In this article, we will explore the pelvis adjustment. It’s often said that if you could only pick one table to use for adjusting, most would choose the knee chest table. While I would agree that the knee chest table is one of Dr. Gonstead’s greatest innovations, I would have to choose the Gonstead Zenith Hy-Lo as my table of choice. Not only for its ease of function and patient comfort, but primarily for its diversity. Being able to adjust the pelvis while the patient is prone on the Hy-Lo sets this table apart.
Of course, adjusting the pelvis prone is not the preferred technique for the vast majority of cases. But, occasionally, we have patients that can’t lie in the side posture position, or, do not respond the way we know they should with the pelvic bench adjustment. In these infrequent instances, it might be beneficial to set their pelvis prone.
In the previous article, I talked about stabilizing the opposite pelvis by using your opposite hand. This stabilizing hand does not thrust, but it does add some light pressure. I have found that the stabilizing hand serves to help “take up the slack” before the thrust and most importantly to limit the lateral motion that thrusting through the sacroiliac joint will create. Said another way, you want to stabilize the pelvis against the table so that the thrust only moves the ilium that you are adjusting.
I don’t always use the counter stabilization technique though. Some cases, I will use the same single hand contact that we would use for a prone or lumbar adjustment. It depends upon the individual doctor and patient and type of pelvis subluxation that we are correcting. Trial and error is sometimes necessary to determine exactly how to set any subluxation. This is particularly true in these cases.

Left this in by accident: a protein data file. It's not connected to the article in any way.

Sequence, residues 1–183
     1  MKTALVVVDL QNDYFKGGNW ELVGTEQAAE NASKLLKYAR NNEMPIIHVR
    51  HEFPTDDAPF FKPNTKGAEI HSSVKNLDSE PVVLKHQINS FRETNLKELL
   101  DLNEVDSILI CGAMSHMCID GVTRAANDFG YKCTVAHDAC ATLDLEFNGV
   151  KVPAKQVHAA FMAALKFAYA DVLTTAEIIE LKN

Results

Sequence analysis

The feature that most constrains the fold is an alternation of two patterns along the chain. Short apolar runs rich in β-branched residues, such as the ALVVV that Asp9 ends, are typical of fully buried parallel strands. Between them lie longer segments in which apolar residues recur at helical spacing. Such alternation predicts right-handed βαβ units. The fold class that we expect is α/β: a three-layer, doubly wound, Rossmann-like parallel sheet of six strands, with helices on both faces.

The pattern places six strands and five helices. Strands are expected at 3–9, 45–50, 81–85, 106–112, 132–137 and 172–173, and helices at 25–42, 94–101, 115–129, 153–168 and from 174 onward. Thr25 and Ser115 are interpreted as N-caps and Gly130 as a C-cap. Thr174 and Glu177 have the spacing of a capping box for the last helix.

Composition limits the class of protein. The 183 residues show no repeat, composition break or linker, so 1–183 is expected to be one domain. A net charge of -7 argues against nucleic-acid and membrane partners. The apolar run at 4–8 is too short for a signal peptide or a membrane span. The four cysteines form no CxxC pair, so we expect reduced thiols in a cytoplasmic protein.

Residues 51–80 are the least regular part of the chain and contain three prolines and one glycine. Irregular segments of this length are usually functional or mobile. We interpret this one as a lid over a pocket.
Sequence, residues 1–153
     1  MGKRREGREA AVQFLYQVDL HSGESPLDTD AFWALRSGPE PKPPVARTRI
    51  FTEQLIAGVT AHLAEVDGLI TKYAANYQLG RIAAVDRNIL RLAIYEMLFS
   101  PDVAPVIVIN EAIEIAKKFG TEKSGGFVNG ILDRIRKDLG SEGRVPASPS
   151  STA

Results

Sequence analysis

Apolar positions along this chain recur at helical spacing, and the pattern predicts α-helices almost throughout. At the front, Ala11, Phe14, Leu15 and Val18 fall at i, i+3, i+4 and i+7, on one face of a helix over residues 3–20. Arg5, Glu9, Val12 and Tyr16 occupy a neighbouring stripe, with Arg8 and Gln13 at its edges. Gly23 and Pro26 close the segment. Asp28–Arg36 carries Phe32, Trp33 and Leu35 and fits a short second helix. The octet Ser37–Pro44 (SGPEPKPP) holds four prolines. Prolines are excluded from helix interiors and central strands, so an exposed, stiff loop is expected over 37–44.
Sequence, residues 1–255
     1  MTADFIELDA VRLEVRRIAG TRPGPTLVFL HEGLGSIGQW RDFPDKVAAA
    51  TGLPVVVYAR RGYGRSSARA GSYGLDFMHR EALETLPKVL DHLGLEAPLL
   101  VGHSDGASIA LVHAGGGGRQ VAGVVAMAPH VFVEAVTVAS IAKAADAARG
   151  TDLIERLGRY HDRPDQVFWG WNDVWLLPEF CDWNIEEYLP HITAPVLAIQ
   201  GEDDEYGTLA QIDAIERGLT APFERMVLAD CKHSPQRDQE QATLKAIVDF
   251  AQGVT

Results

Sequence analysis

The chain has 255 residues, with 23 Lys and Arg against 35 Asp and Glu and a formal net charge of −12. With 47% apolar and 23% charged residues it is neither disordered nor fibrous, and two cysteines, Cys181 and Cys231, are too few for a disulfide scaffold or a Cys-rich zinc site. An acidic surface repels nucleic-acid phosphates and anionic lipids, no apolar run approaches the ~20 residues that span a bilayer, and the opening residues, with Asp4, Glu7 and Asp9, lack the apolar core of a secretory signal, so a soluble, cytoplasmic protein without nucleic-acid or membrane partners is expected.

Let’s start with the posterior-inferior (PI) ilium subluxation. The doctor’s stance is on the contra-lateral side, facing 45 degrees towards the opposite PSIS (i.e., the “fencer’s stance”). The doctor’s contact is the thenar of the inferior hand with the hand pointing superiorly and laterally. The thenar contact is more comfortable for the doctor and the patient and eliminates any contact with the sacrum. The stabilizing hand can be either over the contact or stabilizing the opposite ileum.
To contact and stabilize the opposite ilium, try using your thenar contact at the inferior aspect of the ipsilateral sacroiliac joint.
Another point of contact could be your pisiform over the back of the acetabulum. The same contact if you were adjusting an AS ilium. The line of correction is the same as the side posture adjustment, P to A, I to S and through the joint plane.
If there is internal rotation (IN) of the ilium, then we make our contact more medial and add torque throughout our thrust (clockwise for the left side and counterclockwise for the right).
For a PIEX subluxation, the contact is on the inferior-lateral aspect of the PSIS. The thrust and torque is the same as it is for a side posture adjustment: P to A, lateral to medial, with torque throughout the thrust (counter-clockwise for the left side and clockwise for the right). When adjusting contra-laterally, either the thenar or the pisiform can be used as the doctor’s contact. When setting this ipsilaterally, I prefer using my thenar.
Left ilium PIEX: doctor is over the contact, and the line of correction
will follow the direction of the forearm with counterclockwise torque
Left ilium ASIN: Contact posterior acetabulum. LOC follows the
directionof the upper arm (P to A & S to I) with clockwise torque.
Left Ilium IN: Thenar contact on the medial PSIS.
LOC is medial to lateral with clockwise torque.
One of my favorite GMI instructors, Dr. Denny O’Hara, once said, “when you hit the target, the patient gets well, but when you hit the bull’s-eye, the patient gets better faster than you ever expected”. Here is your dart! Now, go find that bull’s-eye!